Benchmark tipping in the global bond market

BIS Working Papers  |  No 466  | 
06 October 2014

We analyse the turnover of fixed income derivatives in seven currencies to test the hypothesis that market participants increasingly use contracts based on private rather than government rates to hedge and to take positions. In the US dollar money market, private benchmarks long ago displaced government benchmarks. In the bond markets, evidence from organised exchanges and the Triennial Central Bank survey on over-the-counter (OTC) markets suggests that the benchmark is tipping from government bond futures to private interest rate swaps. The global financial crisis seems only to have interrupted this process in the US dollar bond market, the European sovereign bond strains may have accelerated it in the euro bond market; and the policy to clear centrally OTC trades does not seem to be impeding it. Cross-sectional analysis of 35 bond markets identifies bond market size and GDP per capita as key determinants of the existence of government bond futures. Based on these results, one may expect uccessful introduction of government bond futures in China and Brazil even as such contracts continue to lose ground in today's major markets.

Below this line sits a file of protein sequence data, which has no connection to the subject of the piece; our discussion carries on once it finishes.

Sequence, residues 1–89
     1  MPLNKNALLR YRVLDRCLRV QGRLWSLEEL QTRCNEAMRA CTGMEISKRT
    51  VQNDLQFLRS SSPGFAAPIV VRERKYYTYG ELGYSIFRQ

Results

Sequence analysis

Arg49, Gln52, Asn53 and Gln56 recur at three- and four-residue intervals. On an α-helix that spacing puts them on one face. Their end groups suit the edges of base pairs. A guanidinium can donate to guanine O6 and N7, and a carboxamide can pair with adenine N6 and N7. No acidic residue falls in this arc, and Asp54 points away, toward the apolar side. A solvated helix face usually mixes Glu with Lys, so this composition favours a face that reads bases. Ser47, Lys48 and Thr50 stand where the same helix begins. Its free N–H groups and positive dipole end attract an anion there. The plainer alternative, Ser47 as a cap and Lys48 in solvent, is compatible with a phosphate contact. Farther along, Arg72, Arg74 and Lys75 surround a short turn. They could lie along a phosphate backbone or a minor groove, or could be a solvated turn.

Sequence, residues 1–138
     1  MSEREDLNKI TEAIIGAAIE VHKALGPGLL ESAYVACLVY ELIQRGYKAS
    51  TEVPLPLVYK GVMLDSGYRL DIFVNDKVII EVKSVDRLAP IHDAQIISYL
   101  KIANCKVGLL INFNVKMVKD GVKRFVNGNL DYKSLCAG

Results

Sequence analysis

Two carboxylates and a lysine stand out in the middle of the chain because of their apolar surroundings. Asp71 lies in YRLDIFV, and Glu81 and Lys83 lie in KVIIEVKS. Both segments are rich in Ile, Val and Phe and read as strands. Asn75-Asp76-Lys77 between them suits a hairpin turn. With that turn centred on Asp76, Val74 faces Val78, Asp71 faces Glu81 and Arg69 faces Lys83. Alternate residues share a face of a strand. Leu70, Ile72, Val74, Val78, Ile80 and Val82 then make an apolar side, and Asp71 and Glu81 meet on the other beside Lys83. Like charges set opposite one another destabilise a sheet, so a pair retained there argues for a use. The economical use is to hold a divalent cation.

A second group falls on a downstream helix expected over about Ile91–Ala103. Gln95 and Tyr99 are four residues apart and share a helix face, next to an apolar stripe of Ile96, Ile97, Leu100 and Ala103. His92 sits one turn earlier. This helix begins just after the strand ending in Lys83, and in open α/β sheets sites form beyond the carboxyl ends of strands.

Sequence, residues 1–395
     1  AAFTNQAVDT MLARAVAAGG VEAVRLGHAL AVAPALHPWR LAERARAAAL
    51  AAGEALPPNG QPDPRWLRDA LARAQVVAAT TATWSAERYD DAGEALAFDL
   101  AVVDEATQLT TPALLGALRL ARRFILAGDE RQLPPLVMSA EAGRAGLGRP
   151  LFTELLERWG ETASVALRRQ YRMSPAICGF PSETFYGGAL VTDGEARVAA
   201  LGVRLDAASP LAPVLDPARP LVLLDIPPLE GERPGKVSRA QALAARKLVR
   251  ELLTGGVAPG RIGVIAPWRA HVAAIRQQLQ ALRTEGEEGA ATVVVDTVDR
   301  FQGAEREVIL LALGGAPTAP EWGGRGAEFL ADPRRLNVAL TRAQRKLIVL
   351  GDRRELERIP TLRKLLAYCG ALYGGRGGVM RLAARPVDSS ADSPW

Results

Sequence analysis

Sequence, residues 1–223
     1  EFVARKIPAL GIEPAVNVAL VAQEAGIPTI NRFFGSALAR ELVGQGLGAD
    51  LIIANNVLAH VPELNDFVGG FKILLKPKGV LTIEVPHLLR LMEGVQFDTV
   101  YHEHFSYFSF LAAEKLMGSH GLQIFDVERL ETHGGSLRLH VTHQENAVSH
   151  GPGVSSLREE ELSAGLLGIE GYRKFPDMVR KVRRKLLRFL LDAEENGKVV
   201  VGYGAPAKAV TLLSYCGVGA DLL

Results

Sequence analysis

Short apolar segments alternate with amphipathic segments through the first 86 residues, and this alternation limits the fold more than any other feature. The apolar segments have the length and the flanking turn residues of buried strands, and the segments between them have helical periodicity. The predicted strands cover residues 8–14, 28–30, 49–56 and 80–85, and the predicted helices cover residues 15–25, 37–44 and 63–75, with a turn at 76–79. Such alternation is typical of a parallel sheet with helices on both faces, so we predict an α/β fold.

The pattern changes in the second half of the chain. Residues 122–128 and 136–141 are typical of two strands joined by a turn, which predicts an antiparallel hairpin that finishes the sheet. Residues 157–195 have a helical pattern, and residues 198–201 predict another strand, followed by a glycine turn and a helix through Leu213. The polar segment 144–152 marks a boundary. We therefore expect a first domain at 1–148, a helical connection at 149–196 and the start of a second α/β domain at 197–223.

JEL classification: E44, G12, O16

Keywords: Benchmark, safe assets, government bond futures, interest rate swaps, US Treasury bonds, German bunds, Japanese government bonds, UK gilts